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Traditional sports documented with motion capture imaging

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Players of Basque and Gaelic traditional sports, including pelota, Gaelic football, hurling and camogie, have been recorded using motion capture technologies to document the players' movements. The research is being conducted as part of an EU-funded project called RePlay, which aims to provide digital content of traditional sports and games for training, coaching and sharing knowledge about the sports.

Five Basque pelota players and four Gaelic football, hurling and camogie athletes have been recorded in HD footage in Oxford's Vicon studios. Vicon develops motion capture imaging hardware and software for applications in the life sciences, entertainment and engineering.

The research team is also developing a system based on low-cost sensors and open source 3D software to be used by interested clubs. It will be tested from next year with the aim to help young players learn traditional sports and enable experienced players to improve their skills.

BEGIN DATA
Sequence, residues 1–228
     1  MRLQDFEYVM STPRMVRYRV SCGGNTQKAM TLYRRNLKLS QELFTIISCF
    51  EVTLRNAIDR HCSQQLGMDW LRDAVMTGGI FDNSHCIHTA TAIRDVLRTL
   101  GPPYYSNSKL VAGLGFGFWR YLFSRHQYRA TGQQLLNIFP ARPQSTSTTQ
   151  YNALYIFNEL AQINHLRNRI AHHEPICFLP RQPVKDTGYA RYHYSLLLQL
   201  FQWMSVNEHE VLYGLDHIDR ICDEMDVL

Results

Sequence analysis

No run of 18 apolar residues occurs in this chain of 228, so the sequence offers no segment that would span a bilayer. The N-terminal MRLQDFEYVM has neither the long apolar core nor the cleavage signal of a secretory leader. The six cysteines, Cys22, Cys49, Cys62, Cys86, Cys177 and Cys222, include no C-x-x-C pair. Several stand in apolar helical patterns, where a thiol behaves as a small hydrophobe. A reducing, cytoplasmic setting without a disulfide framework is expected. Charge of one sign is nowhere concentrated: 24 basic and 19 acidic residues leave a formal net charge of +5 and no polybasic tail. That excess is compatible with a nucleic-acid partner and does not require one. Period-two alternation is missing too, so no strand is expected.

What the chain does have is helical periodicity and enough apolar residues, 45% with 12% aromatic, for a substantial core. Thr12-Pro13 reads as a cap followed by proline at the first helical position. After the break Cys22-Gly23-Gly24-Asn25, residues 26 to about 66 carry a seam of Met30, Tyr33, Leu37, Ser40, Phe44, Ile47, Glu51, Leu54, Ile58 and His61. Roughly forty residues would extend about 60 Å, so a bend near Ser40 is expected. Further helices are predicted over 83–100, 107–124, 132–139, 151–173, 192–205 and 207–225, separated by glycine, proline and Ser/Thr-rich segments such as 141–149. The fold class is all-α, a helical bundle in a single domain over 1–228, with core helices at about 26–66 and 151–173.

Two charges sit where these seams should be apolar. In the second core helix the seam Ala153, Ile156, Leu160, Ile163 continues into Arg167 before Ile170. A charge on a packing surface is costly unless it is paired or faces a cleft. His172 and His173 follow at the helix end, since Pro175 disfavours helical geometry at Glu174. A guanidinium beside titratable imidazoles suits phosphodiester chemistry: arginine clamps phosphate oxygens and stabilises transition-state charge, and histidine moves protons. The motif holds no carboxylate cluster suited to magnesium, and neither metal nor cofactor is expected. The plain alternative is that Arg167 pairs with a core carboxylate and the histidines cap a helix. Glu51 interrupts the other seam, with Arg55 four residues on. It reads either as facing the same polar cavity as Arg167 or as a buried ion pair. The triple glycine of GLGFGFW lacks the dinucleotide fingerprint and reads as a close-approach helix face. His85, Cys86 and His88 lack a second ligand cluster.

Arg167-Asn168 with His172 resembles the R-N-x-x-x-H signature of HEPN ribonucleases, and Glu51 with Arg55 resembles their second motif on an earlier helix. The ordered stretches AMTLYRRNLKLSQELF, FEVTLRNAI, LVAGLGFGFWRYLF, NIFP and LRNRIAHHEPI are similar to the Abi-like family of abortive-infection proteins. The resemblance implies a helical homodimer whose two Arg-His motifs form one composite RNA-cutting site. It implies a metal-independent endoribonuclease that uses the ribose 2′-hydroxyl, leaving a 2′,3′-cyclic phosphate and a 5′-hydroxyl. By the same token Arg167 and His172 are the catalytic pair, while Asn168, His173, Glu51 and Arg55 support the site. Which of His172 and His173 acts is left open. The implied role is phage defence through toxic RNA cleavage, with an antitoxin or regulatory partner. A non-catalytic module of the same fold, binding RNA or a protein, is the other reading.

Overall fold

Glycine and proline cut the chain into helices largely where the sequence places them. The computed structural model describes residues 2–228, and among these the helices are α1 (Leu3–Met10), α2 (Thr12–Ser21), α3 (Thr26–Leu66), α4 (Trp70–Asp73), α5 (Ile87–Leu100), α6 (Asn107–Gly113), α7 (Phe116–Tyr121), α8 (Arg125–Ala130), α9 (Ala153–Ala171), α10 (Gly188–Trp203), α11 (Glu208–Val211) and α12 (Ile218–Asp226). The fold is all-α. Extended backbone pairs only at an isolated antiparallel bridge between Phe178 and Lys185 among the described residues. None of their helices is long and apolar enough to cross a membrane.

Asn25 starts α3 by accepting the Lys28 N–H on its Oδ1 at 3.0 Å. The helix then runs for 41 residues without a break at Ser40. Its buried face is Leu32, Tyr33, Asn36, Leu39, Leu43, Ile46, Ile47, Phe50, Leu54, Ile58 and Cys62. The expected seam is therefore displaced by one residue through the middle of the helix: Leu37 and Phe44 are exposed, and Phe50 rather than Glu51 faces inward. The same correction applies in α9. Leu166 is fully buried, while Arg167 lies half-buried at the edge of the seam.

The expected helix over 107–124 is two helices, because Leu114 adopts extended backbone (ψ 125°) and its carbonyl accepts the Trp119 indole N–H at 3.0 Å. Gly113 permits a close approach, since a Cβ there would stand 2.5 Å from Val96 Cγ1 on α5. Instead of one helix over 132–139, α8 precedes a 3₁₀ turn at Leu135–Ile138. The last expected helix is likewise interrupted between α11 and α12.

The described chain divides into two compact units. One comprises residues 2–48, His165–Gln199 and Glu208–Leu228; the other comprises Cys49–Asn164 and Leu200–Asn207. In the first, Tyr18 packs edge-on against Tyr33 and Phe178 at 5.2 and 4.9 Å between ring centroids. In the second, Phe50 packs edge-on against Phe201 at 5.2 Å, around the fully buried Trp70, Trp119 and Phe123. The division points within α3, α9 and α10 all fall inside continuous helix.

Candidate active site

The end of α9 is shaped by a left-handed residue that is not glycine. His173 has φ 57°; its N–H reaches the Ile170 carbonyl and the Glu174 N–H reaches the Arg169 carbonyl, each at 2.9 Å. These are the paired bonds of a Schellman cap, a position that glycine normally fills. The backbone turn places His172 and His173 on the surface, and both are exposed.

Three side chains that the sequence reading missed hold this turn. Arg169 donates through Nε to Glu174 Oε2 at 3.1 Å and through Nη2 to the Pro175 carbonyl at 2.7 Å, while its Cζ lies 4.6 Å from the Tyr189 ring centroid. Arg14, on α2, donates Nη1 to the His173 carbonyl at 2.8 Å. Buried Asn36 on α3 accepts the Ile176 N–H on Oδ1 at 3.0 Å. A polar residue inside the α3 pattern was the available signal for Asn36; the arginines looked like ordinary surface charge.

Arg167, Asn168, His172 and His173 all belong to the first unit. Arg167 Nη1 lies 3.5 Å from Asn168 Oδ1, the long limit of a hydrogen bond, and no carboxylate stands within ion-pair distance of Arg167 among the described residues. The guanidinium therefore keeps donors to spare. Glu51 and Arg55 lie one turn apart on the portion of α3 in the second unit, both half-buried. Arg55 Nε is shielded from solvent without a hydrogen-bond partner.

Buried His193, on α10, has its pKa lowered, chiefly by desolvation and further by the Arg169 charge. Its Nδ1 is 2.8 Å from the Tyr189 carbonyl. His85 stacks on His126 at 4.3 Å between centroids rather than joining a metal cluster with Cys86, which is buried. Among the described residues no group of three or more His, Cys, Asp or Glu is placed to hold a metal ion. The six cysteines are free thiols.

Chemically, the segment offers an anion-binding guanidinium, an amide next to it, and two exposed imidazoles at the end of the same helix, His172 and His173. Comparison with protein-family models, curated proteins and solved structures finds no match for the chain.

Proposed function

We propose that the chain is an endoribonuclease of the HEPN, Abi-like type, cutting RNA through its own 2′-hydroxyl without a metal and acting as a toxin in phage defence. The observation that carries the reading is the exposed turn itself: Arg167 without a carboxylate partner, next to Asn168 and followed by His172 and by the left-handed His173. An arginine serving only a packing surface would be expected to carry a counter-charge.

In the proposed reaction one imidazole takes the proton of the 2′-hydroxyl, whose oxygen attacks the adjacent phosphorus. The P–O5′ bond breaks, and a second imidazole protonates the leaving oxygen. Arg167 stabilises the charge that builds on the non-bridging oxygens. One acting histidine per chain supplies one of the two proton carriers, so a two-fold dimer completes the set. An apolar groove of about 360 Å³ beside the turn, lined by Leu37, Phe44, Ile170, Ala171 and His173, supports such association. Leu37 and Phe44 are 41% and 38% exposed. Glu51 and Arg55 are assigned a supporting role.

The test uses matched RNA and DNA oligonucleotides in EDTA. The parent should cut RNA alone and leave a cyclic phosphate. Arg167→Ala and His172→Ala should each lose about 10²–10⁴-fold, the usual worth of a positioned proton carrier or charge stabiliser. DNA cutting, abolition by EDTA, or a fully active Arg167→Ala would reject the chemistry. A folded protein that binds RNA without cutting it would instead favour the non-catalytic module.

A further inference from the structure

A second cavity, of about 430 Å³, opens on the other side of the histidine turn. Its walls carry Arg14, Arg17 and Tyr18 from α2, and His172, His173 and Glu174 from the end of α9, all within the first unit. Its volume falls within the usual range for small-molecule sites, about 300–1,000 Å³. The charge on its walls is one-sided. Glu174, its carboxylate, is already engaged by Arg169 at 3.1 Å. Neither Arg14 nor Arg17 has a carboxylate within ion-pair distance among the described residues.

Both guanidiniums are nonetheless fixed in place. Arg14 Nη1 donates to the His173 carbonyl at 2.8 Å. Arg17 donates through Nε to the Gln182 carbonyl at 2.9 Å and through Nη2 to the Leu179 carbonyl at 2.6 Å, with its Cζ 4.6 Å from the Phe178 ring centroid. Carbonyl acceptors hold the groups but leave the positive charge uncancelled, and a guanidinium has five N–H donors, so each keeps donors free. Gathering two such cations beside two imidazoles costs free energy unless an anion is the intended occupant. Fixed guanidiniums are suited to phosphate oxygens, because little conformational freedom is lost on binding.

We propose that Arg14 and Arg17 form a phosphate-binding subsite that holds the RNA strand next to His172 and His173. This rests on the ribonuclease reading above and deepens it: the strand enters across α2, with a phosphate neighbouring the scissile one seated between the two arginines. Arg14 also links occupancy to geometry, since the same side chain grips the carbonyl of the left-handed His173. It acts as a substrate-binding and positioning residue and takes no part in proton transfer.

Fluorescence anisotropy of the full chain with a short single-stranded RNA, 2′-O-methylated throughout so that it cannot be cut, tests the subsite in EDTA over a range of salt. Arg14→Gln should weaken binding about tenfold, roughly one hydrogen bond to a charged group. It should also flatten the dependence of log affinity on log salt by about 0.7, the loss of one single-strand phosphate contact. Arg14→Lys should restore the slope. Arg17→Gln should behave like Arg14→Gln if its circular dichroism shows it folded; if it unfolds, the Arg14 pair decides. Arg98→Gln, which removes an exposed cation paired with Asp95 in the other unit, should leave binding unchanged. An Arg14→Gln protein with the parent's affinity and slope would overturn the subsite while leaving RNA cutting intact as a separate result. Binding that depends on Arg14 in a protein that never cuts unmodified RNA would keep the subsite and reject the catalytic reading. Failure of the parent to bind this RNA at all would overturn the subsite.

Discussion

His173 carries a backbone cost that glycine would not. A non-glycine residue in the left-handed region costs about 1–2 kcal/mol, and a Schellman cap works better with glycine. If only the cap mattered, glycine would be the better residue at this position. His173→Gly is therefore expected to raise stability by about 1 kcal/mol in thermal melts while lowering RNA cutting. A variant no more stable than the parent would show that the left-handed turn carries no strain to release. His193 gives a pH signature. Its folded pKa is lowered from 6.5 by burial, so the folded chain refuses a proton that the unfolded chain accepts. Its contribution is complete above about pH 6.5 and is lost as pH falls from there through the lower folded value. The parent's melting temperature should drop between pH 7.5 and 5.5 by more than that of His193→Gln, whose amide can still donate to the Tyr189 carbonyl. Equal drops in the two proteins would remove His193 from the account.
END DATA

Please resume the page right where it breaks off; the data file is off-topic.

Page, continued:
The eight project partners from Spain, Ireland, Greece, the UK and Switzerland are building a motion capture system for sport clubs. They are also developing techniques to produce HD footage and to recover 3D motions from historical films.

‘I think it’s going to be a big step in professional training techniques for both players and coaches,’ said Kepa Arroitajauregi, a member of the pelota and Associated Sports' World Council.

In Europe there are more than 3,000 traditional sports and games, many of which are in decline.

‘This scientific endeavour is unique: it brings together cultural heritage, sport and cutting-edge technologies. It has never been seen before. It is also a chance to compare and analyse the evolution in the changes of styles of play over time, the evolution of our sports. Above all it is great for the young to see how they measure up against their heroes and improve their skills,’ commented Professor Noel O’Connor, the scientific coordinator of RePlay based at the Insight Centre for Data Analytics, Ireland.

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